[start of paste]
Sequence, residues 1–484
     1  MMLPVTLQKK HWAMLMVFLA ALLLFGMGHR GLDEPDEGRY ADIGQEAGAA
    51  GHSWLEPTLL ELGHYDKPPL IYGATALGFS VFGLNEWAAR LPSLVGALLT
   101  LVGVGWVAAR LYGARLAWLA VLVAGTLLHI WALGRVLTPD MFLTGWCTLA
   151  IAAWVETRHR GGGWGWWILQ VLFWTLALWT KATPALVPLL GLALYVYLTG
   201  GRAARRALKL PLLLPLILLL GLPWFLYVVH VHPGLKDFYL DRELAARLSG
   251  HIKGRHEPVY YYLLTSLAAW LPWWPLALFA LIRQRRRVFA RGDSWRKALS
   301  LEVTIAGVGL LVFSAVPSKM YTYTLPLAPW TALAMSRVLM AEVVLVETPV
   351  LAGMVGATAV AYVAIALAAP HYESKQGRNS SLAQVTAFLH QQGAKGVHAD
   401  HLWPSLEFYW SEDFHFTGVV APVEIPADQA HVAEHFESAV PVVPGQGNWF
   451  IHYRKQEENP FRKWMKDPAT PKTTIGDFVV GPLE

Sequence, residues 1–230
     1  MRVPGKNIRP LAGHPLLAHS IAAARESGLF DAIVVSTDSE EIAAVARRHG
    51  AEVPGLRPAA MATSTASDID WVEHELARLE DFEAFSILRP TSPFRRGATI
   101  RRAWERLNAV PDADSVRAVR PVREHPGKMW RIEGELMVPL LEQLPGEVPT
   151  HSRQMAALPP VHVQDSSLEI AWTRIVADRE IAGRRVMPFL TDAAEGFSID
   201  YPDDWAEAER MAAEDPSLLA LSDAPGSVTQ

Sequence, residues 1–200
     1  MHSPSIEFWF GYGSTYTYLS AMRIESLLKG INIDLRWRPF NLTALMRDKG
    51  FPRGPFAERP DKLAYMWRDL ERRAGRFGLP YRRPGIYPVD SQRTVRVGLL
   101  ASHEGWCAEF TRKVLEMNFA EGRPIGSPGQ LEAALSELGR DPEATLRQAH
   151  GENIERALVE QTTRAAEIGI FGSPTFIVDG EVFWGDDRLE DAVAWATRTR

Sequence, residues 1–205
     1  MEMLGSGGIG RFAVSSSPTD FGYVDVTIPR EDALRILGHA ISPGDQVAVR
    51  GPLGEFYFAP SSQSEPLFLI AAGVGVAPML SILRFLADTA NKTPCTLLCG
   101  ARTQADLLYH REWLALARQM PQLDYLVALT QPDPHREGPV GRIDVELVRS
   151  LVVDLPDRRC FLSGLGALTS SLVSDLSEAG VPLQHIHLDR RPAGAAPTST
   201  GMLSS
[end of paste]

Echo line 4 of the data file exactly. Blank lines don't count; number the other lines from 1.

   101  LVGVGWVAAR LYGARLAWLA VLVAGTLLHI WALGRVLTPD MFLTGWCTLA